FDA approves Cervarix, GlaxoSmithKline's cervical cancer vaccine
Issued: 16 October 2009, London UK
GlaxoSmithKline (GSK) announced today that the U.S. Food and Drug Administration (FDA) has approved Cervarix® [Human papillomavirus bivalent (types 16 and 18) vaccine, recombinant] for the prevention of cervical pre-cancers and cervical cancer associated with oncogenic human papillomavirus (HPV) types 16 and 18 for use in girls and young women (aged 10-25).
"The approval of Cervarix will bring an important new cervical cancer vaccine to girls and young women," said Deirdre Connelly, President, North American Pharmaceuticals, GlaxoSmithKline. "Immunisation with a vaccine such as Cervarix - along with annual doctor visits and Pap tests - will help protect women from cervical cancer, the second leading cause of cancer death in women in their twenties and thirties."
Cervarix was shown to be 93 percent efficacious in the prevention of cervical pre-cancers (cervical intraepithelial neoplasia 2+/ CIN 2+ or adenocarcinoma in situ) associated with HPV 16 or 18, in women without evidence of current infection with, or prior exposure to, the same HPV type at the time of vaccination. The majority (approximately 75 percent) of cervical cancers in North America are caused by HPV types 16 and 18.
The impact of Cervarix against the overall burden of HPV-related cervical disease results from a combination of efficacy against, and disease contribution of, HPV-16, HPV-18, and oncogenic HPV types not included in the vaccine. In a subgroup of clinical trial participants without oncogenic HPV infection at the time of the first vaccination and without evidence of prior exposure to HPV 16 and 18, the vaccine showed an overall efficacy of 70 percent against pre-cancerous lesions, regardless of HPV type. In an additional analysis that assessed the impact of Cervarix against specific HPV types not included in the vaccine, in women without oncogenic HPV infection with a specific type at the time of vaccination, approximately 89 percent efficacy was observed in the prevention of precancerous lesions associated with HPV type 31, the third most common cancer-causing virus type in North America.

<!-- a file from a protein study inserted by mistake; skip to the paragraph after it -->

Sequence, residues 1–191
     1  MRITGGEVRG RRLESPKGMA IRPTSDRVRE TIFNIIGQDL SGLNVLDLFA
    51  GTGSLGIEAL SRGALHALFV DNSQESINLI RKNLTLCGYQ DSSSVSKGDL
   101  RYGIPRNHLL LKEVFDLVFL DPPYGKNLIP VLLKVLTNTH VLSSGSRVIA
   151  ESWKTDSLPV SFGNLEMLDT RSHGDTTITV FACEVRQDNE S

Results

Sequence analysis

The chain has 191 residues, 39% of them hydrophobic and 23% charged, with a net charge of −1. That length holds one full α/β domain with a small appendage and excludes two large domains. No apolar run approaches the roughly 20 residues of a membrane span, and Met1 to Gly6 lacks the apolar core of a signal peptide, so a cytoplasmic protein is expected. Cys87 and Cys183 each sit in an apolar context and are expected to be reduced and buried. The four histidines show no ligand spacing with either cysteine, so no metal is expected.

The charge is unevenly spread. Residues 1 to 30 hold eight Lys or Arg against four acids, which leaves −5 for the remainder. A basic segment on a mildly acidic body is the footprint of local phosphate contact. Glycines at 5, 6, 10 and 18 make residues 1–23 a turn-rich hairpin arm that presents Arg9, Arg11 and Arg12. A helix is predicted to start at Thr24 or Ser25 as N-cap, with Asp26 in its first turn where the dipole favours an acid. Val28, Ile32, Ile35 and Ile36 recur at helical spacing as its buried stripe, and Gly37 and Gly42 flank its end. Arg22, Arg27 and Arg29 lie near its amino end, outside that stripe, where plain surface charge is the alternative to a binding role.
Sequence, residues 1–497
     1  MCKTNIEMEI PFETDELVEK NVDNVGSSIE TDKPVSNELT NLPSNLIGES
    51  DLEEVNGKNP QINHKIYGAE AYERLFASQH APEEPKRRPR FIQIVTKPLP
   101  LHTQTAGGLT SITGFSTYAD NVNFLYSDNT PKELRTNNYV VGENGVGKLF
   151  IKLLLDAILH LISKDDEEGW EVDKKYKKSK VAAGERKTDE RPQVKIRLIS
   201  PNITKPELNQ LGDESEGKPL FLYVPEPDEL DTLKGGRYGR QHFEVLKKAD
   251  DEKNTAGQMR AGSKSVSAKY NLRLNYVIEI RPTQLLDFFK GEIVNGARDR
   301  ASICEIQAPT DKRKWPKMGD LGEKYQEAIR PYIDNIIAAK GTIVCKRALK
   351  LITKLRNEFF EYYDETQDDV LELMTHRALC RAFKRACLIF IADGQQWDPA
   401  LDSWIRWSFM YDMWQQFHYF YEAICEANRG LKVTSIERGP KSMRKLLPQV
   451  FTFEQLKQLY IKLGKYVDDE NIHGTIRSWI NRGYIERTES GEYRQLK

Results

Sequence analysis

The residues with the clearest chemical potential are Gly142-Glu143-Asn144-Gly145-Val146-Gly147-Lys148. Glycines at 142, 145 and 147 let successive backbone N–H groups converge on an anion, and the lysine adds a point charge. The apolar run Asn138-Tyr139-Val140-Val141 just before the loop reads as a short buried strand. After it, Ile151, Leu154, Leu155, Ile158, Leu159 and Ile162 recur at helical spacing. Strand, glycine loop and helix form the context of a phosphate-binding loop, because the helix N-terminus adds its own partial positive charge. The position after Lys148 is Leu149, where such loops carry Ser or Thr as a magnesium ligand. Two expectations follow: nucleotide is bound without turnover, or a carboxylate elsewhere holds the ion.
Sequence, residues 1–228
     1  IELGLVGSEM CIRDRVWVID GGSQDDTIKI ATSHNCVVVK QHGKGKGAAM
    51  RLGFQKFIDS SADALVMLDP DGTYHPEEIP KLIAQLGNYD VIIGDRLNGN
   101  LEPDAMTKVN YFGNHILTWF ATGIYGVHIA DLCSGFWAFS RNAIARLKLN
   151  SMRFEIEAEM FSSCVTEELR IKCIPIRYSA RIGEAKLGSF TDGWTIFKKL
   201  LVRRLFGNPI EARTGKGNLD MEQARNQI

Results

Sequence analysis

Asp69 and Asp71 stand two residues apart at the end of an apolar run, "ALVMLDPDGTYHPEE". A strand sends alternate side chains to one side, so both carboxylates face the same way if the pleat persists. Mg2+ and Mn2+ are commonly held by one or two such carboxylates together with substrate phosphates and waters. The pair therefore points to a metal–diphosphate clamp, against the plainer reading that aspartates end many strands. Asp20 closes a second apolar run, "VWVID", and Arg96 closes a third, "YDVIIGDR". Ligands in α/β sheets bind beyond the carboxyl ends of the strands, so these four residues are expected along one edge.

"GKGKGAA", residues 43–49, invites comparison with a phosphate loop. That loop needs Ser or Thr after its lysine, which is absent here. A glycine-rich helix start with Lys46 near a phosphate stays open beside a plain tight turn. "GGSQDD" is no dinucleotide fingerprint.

Cervarix does not protect against disease caused by all HPV types. Approximately 100 types of HPV have been identified to date and, of these, approximately 15 virus types are known to cause cervical cancer.
"The FDA approval of a vaccine, such as Cervarix, is an important development in the prevention of cervical cancer," said Levi Downs, M.D., M.S., F.A.C.O.G., assistant professor in the Department of Obstetrics, Gynecology and Women's Health, University of Minnesota, a clinical trial investigator and consultant for GSK. "The treatment of cervical pre-cancers and cancer can be devastating for women and their families. It's important for a vaccine to help reduce the need for the invasive procedures often used to treat cervical pre-cancers and cancers."